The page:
Genomic DNA was isolated from cotton swabs containing oral mucosa using phenol/chloroform extraction method [27]. The TaqMan assays were performed using a TaqMan PCR Core Reagent kit (Applied Biosystems, Foster City, CA) according to manufacturer's instructions. PCR amplification using 1.0∼5.0 ng of genomic DNA was performed with an initial step of 95°C for 5 min followed by 40 cycles of 95°C for 30 s and 60°C for 30 s. The fluorescence profile of each well was measured in an ABI 7900HT Sequence Detection System (Applied Biosystems, Foster City, CA) and the results analyzed with Sequence Detection Software (Applied Biosystems, Foster City, CA). Experimental samples were compared with 36 controls to identify the three genotypes at each locus. Any samples that were outside the parameters defined by the controls were identified as non-informative and were retested. We also repeated 15% of randomly selected DNA samples to verify and confirm the results of genotyping for four IL-13 SNPs. The details of primer and probe sequences were presented in table S1. The genotype completion rates were between 97% and 99% for all loci.

Statistical analysis

Unconditional multiple logistic regression models were fitted to estimate the individual effects of IL-13 on asthma phenotypes. Models are adjusted for age, sex, parental history of asthma, parental history of atopy, in utero exposures to maternal smoking, ETS, dampness, incense burning, pet ownership at home and community. When considering the effects about IL-13 additive genetic model was utilized. Selection of confounders that were included in the model was based on a priori consideration and the standard statistical procedure of 10% change in point estimates [28]. Subjects with missing covariate information were included in the model using missing indicators [29]. Estimates of measurements of LD and r2 in TCHS participants were obtained from Haploview.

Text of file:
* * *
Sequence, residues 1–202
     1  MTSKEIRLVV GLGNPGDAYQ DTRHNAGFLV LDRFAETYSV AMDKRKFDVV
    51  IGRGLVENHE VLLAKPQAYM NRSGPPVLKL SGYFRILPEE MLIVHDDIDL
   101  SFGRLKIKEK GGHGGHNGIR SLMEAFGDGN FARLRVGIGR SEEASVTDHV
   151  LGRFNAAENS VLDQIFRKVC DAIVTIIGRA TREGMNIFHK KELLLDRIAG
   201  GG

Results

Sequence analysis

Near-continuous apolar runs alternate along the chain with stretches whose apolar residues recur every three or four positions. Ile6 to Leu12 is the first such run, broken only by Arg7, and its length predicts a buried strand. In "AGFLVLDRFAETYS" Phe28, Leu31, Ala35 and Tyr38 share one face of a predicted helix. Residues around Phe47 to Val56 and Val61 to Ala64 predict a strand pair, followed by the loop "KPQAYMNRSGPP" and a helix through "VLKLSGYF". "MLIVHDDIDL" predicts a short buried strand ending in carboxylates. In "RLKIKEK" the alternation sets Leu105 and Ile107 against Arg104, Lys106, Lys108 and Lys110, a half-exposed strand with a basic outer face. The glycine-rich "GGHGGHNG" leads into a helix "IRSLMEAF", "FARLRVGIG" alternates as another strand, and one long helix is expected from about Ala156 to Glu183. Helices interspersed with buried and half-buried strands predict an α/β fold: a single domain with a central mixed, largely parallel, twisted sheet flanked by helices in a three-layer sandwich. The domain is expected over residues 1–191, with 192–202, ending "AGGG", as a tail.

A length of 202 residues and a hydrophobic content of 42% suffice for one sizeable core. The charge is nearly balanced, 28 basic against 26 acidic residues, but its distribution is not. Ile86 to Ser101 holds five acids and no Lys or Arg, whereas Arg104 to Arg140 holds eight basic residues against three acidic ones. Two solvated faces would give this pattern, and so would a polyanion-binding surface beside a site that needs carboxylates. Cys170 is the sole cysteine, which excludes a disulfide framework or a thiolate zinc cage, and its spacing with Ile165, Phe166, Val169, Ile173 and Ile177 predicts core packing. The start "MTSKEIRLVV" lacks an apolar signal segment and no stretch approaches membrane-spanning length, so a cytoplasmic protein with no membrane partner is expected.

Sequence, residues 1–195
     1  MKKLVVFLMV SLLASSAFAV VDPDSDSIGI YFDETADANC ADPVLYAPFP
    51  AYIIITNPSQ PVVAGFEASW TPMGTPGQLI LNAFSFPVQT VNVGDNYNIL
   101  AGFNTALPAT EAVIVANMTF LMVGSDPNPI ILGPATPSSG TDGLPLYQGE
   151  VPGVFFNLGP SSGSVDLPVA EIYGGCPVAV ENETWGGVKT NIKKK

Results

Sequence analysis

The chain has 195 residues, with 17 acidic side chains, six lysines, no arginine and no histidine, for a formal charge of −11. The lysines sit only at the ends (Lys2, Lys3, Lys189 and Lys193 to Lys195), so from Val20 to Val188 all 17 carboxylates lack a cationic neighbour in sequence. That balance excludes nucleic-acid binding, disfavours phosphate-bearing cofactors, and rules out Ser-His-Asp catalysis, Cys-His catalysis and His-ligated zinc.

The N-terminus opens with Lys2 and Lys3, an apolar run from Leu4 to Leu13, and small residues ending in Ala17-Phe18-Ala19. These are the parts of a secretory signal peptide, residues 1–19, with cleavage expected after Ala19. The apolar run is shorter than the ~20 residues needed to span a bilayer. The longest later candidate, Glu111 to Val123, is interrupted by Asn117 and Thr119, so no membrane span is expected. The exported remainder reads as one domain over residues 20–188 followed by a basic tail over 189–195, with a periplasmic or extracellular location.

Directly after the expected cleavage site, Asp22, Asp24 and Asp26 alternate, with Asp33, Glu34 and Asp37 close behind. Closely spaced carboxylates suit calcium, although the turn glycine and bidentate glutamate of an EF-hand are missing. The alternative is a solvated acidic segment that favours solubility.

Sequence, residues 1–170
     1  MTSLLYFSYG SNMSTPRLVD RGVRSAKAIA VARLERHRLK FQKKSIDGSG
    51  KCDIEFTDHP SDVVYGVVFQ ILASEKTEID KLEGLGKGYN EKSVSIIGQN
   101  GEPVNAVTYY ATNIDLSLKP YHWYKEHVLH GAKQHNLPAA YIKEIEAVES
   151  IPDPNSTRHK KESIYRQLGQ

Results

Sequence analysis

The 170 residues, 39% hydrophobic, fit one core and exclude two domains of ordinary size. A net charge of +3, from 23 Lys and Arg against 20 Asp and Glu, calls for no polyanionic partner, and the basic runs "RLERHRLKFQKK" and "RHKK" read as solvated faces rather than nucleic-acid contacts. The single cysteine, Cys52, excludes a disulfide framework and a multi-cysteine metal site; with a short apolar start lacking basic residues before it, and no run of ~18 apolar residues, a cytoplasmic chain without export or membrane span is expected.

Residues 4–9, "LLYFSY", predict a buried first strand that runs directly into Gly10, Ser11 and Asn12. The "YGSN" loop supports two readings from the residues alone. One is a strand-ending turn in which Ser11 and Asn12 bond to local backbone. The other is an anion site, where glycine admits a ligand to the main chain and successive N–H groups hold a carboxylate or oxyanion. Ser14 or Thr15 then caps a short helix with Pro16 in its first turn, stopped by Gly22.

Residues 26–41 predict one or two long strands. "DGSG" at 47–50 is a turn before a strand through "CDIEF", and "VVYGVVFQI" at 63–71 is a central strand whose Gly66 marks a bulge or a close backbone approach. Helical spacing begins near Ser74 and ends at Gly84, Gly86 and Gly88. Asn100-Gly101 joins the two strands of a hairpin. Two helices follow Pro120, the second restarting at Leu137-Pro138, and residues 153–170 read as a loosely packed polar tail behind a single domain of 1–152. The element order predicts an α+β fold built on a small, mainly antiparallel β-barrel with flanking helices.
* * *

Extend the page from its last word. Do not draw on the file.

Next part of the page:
Haplotype frequencies were estimated from the IL-13 genotype data using the EM algorithm by TagSNPs [30]. The likelihood ratio test (LRT) was used to detect the global association of four variants of IL-13 haplotypes with asthma phenotypes. We collapsed rare haplotypes (frequency <0.05) into a category in the log additive haplotype analyses. The numbers of copies of each haplotype a person carries and appropriate confidence intervals were estimated using a single imputation procedure [30]. Logistic regression models were based on the co-dominant (two copies of the haplotype vs. no copy and one copy of the haplotype vs. no copy) and dominant (at least one copy of the haplotype vs. no copy) inheritance model. We estimated the false-discovery rate (FDR) for multiple comparisons for main effect associations [31], and used FDR <0.05 as a criterion.

The interaction between genotype or haplotype and household carpet use was assessed by adding an interactive term in the logistic regression model and a likelihood ratio test was used to test its significance. All analyses were conducted using SAS software version 9.1 (SAS Institute, Cary, NC, USA).


A total of 3,577 children with genotyping data were enrolled in current study. The mean age of participants was 12.3±0.5 years and all of them were of ethnic Han Chinese origin (Table 1). Among these children, 8.7% live in households with carpets, and 43.4% have ETS exposure at home. The prevalence of asthma was 8.0% and wheeze occurred in 12.1% of participants.

Table 1. Selected characteristics for participants in Taiwan Children Health Study.

The genotype frequencies of IL-13 were showed in Table 2 and distributions of the four selected SNPs were in Hardy-Weinberg equilibrium (p value cutoff >10−4) [23]. The pairwise measures of LD for IL-13 were presented in Table S2 and we could find SNP rs20541 and SNP rs848 in a strong LD.

After adjustment for age, sex, parental history of asthma, parental history of atopy, in utero exposures to maternal smoking, ETS, dampness, incense burning, pet ownership at home and community, IL-13 SNPs showed statistical significance for the occurrence of wheeze (FDR<0.05) (Table 3 and Table S3). Children carrying T allele of SNP rs1800925 were associated with increased risks on wheeze (OR, 1.3; 95% CI, 1.1–1.5; FDR, 0.03). The variant allele of SNP rs2066960 was protective for wheeze (OR, 0.9; 95% CI, 0.7–1.0; FDR, 0.04). SNP rs20541 and SNP rs848 revealed a similar associated pattern with asthma phenotypes, the increased risks of wheeze were related to children with T allele in additive models.